" green old Castle Campbell stands,
Majesticly on high;
Though part hath crumbled into sand,
In waste and ruin lie; "
Sylvester H. Neil, 1873
Originally known as Castle Gloom, the castle is situated between the Burn of Sorrow and the Burn of Care, at the foot of "Doleur" Glen. While these names paint a picture of a harsh, woeful place, Castle Campbell's setting on an isolated hill above Dollar, is one of the most picturesque in Scotland.
Castle Gloom originally belonged to the Stewarts but passed into the hands of Colin Campbell, 1st Earl of Argyll through his marriage to Elizabeth Stewart toward the end of the 15th century. It is hardly surprising that he soon set about changing its reputation. A four storey tower was soon constructed and followed by an Act of Parliament which allowed the castle to be renamed Castle Campbell. The main seat of the Campbell Clan in the lowlands, the castle provided a fitting seat for one of the most prominent of all the clans. As supporters of the Crown, the Campbells were mostly left to their own devices by the other clans (except for the MacDonalds with whom their feud passed down the centuries). This general state of peace allowed them to accrue wealth and sizeable estates and the eminent position in society of the Dukes of Argyll.
Well situated with relation to the royal residences at Stirling and Falkirk, Castle Campbell was also well situated against an attack. Situated upon a 350ft mound and originally surrounded by a chasm with access only via a drawbridge, Campbell Castle would have been an impregnable stronghold. Unfortunately, the invention of artillery put paid to this and would also seal castle's fate. In 1645, Castle Campbell suffered the brunt of an attack by the Macleans, supporters of the Marquis of Montrose. However, the end of Castle Campbell's glory days would not come for another 10 years. In the Great Civil War, the 8th Earl of Argyll, initially supported Charles I but then switched his favour to Cromwell. The decision was costly. Cromwell and his supporters occupied Campbell Castle in 1653 but a year later it was burnt by enemy clansmen. Castle Campbell was left to the elements while the 8th Earl of Argyll was hung, drawn and quartered eight years later, for committing treason against the king.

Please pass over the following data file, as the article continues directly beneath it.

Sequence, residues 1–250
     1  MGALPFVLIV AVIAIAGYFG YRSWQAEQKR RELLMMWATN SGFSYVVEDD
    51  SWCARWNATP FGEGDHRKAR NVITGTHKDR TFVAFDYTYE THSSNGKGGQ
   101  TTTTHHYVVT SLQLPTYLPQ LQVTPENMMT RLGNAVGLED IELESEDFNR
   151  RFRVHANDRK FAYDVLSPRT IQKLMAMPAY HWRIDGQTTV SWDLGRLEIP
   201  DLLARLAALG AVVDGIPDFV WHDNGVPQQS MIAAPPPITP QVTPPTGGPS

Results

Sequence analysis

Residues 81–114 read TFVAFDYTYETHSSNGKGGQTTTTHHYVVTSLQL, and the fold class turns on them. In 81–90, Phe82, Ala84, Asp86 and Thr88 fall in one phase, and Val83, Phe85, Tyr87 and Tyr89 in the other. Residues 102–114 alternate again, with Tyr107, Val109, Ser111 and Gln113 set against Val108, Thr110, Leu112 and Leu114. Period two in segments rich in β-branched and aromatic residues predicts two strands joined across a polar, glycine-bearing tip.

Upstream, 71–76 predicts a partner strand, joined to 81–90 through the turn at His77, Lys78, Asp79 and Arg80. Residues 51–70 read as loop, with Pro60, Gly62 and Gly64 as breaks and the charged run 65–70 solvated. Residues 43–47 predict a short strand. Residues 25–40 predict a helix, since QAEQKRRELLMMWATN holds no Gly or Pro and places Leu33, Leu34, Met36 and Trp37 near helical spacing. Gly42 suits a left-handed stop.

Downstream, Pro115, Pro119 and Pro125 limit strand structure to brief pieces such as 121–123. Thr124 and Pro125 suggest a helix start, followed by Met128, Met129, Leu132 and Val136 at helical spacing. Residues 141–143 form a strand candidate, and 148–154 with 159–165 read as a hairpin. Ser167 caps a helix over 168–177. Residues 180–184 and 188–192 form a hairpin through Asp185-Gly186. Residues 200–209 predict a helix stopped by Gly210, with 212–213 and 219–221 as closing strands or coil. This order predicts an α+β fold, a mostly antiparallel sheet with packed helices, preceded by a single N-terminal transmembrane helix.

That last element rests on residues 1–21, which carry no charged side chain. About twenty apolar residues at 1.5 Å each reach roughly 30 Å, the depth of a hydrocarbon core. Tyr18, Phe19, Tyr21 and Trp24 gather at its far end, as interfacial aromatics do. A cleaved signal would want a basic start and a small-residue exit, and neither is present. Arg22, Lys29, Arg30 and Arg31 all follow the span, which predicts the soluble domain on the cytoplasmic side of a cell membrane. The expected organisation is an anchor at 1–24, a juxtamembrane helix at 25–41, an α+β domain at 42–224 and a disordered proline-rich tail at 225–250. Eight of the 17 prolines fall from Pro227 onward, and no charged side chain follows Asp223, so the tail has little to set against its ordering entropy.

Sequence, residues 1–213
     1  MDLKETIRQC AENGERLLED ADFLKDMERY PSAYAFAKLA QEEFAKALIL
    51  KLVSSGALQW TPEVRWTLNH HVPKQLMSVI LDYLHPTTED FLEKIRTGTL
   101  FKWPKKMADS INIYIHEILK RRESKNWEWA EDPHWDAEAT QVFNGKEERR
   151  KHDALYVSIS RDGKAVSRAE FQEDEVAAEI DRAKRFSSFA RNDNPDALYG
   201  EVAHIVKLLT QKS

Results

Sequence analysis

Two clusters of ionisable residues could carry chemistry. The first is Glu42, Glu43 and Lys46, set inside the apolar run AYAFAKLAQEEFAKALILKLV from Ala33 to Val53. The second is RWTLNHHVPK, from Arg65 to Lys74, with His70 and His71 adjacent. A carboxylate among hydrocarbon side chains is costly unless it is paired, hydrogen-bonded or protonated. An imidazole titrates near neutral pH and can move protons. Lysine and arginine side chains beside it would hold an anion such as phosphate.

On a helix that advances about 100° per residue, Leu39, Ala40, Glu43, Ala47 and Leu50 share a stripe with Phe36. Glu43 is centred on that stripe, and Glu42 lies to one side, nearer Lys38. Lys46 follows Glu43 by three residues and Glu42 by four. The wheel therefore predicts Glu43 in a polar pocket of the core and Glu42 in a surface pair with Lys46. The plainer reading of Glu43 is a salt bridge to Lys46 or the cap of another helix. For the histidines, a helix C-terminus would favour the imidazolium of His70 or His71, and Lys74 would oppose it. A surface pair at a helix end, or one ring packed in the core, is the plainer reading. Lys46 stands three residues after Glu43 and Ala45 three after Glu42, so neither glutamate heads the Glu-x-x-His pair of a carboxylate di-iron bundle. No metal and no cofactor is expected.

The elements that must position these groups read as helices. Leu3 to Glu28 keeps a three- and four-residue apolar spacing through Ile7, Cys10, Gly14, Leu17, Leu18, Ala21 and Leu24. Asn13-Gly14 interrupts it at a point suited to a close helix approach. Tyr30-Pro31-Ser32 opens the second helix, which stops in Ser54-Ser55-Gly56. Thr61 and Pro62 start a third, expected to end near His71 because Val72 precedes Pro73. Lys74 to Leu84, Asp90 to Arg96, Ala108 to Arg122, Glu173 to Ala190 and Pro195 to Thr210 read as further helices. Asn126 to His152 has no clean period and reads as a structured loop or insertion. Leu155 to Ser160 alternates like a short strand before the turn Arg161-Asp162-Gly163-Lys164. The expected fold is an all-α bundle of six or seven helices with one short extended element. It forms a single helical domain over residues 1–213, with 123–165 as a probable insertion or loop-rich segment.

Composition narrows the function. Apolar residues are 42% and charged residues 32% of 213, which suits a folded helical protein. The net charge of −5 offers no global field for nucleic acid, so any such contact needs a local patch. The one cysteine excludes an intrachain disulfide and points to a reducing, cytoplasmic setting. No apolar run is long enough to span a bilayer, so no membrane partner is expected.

On your visit, you'll walk in the footstep of Mary Queen of Scots who visited Campbell Castle for a wedding in 1563. You'll also see John Knox's pulpit, a spot in the south west corner of Campbell Castle from where he preached his sermons. You'll want to linger over the fantastic view from the landscaped garden. Walkers will enjoy exploring the various paths in the nearby Dollar Glen. Check with Historic Scotland for regular events held at Castle Campbell.
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